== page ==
It took just one 30-minute cab drive to remind me why I love to travel: I’d never have met a young Ethiopian taxi driver who loves football — and thinks Newt Gingrich is looking good — if I hadn’t ventured to Denver for BlogCon 2011. We never exchanged names, but, by the end of the trip from airport to hotel, I felt as though we were old friends.
Our conversation began as such conversations usually begin — with a quick exchange of small-talk-type questions. How are you? Is this your first time to Denver? Why are you visiting the city?
It was my answer to that question that propelled our conversation outside the realm of humdrum politeness. When I told him I was in Colorado to attend a bloggers’ conference, he was especially enthusiastic. He’s a big fan of the blogosphere, he said, because he no longer has to rely on “the mainstream media” for information — and he’s able to do his own fact-checking. He recognizes echo-chamber-danger, but would still rather have the freedom to choose his own sources.
Plus, the Internet connects him to his childhood home in Ethiopia — and provides a window into the U.S. for his family. He didn’t know Chris Brown and Rihanna broke up (he didn’t even know they were dating!), but a young relative in east Africa did — and brought it up to him when he was home for a visit.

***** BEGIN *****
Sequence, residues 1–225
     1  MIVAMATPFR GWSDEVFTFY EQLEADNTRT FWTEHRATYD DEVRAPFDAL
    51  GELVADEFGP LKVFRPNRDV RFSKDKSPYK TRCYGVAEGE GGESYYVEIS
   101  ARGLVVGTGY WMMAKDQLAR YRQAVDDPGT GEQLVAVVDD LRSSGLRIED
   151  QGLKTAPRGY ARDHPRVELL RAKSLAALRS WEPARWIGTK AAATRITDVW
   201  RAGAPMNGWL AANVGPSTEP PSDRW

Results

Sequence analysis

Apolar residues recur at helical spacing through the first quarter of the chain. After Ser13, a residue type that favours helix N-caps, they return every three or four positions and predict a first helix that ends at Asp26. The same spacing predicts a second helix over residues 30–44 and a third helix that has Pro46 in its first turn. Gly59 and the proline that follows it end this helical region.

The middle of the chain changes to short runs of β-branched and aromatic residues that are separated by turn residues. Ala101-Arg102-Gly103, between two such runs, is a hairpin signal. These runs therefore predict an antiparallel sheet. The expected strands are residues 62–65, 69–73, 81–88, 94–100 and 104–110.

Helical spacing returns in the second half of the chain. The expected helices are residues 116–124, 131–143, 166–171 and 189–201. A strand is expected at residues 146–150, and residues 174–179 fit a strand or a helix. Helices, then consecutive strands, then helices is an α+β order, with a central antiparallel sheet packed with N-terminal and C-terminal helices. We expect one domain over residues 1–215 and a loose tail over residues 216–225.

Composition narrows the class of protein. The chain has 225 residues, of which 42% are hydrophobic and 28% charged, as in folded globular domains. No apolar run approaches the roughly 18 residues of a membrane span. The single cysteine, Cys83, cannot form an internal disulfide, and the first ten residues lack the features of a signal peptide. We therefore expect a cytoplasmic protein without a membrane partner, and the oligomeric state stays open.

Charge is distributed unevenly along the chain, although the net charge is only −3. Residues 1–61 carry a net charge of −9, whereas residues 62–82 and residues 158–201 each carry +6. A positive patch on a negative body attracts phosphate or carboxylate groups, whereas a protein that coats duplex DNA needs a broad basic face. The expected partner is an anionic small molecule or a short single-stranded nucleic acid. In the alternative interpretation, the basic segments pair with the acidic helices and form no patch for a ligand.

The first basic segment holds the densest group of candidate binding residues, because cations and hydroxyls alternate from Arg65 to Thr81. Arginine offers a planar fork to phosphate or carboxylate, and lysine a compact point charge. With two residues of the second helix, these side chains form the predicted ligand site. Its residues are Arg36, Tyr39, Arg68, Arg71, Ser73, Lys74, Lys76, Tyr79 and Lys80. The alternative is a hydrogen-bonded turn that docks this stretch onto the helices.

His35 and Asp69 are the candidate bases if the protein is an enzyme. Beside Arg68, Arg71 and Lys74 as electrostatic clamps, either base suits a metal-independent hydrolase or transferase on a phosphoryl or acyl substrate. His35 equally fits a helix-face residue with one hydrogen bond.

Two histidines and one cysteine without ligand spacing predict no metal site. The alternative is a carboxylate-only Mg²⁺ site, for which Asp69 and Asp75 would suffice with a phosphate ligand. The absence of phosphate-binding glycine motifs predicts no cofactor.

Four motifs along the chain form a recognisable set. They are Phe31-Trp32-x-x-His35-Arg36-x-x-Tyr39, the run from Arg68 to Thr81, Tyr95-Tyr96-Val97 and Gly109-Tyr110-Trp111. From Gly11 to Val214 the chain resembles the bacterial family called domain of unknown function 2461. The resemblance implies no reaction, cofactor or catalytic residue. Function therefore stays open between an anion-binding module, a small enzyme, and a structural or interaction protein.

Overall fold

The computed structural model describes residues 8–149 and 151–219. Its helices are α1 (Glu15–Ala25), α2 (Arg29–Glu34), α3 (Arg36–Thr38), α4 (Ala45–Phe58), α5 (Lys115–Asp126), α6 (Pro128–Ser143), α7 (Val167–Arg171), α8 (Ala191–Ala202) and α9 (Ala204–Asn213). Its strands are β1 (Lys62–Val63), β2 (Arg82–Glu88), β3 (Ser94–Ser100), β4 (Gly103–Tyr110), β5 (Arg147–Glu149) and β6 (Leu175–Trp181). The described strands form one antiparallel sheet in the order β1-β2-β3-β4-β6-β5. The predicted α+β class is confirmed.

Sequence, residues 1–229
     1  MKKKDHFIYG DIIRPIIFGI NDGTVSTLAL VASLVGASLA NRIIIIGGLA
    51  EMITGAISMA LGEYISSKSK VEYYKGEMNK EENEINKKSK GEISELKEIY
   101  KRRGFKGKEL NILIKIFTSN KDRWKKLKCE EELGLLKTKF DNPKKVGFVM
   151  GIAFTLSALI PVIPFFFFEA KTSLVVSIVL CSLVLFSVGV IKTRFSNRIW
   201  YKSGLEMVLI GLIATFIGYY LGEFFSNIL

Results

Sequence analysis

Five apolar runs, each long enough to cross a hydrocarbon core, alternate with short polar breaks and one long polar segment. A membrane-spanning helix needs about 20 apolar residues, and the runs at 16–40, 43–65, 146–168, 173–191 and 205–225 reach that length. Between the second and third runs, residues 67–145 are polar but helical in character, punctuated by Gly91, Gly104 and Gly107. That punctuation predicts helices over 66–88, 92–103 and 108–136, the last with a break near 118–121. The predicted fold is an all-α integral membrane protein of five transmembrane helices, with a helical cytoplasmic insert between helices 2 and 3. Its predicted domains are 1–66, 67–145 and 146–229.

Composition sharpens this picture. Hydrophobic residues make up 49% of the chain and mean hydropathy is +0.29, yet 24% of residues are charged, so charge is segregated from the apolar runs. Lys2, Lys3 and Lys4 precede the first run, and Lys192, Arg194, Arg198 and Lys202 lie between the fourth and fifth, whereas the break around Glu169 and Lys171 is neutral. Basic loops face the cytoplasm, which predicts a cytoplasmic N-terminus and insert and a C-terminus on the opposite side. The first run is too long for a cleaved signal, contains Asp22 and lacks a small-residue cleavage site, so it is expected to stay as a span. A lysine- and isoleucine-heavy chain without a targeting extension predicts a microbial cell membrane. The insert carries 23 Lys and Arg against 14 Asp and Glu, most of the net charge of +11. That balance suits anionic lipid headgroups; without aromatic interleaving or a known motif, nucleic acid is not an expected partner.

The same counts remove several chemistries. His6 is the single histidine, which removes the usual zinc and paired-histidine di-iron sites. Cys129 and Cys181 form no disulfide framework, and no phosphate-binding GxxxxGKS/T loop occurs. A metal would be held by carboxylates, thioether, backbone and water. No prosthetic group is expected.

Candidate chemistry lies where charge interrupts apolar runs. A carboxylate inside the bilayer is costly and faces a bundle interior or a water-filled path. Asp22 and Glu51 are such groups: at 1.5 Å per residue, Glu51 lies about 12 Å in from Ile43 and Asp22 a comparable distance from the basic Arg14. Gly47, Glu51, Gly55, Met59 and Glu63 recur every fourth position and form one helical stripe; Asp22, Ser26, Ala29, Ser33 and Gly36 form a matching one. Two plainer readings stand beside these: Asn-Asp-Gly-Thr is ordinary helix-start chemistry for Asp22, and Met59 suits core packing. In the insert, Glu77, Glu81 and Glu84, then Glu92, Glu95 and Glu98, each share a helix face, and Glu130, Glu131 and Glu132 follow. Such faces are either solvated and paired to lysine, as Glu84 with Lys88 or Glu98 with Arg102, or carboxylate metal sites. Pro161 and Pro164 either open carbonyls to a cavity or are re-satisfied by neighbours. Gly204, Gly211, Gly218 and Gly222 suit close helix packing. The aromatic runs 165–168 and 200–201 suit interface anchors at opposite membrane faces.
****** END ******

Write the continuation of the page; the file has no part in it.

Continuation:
From the minute the driver expressed his eager embrace of what I do, the conversation flowed freely. We talked politics briefly, treading lightly until we figured out we had more in common than not. He said he’s been impressed with Newt Gingrich lately, but mostly just wants to see politicians stop acting like children and putting their own reelections ahead of what’s beneficial for the country.
As I realized how much I was enjoying the conversation, it occurred to me that what we were doing is presumably what he does day in and day out. I asked him if he likes his job and he told me he loves it for much the same reason he loves blogs: It brings him into contact with all kinds of people.
Yesterday morning, for example, he drove the sportswriter Rick Reilly home. He’s a big sports fan, so that was a highlight. So, too, was an experience he had in Ethiopia about three Super Bowls ago, when he found himself watching the game in a bar with a few American expats, other Ethiopians who had lived in the U.S. and various tourists. It was the middle of the night there and the entire night seemed a little surreal to him — even as it reminded him people are the same the world over. Everybody’s partial to their own home, their families, their sports teams — and, while “my home,” “my family” and “my team” are different for everyone, the sense of attachment is the same, he mused.
“The world is becoming smaller and smaller,” he said.
He’s right — and the Internet is a big part of that. It’s cool, really, but, sometimes, I’m not so sure it’s all positive. As expansive as the Internet is, it can sometimes also feel limiting, a technological trap of sorts. With the Internet, fewer and fewer reasons exist to ever leave home. Virtually whatever I need I can order online. Virtually whomever I need to talk to I can contact online. Virtually any question I ask Google answers.
But what my cab driver reminded me of is that, when we do venture “outside” again, we’re able to build on the connections we’ve made online. Even when the mediating screen is gone, the knowledge we’ve gleaned or dished out remains — and facilitates human interaction. We have more to talk about, more to share — in person.